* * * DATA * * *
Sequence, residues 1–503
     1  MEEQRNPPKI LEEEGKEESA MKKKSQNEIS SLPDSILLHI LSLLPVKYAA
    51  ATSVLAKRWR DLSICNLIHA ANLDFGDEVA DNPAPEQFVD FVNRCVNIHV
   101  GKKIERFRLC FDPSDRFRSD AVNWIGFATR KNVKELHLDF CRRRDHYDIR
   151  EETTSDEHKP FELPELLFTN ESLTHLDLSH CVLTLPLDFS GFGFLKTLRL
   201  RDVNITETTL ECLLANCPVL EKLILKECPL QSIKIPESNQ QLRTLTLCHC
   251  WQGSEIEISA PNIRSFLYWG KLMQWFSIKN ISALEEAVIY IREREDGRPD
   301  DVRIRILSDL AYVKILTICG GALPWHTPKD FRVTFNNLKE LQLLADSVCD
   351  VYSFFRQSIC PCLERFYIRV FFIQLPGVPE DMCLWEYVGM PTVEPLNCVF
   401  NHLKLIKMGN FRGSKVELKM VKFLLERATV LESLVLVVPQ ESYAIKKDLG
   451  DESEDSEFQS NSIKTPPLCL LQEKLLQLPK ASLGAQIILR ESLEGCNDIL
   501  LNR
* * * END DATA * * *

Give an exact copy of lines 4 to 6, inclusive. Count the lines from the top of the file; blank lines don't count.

   101  GKKIERFRLC FDPSDRFRSD AVNWIGFATR KNVKELHLDF CRRRDHYDIR
   151  EETTSDEHKP FELPELLFTN ESLTHLDLSH CVLTLPLDFS GFGFLKTLRL
   201  RDVNITETTL ECLLANCPVL EKLILKECPL QSIKIPESNQ QLRTLTLCHC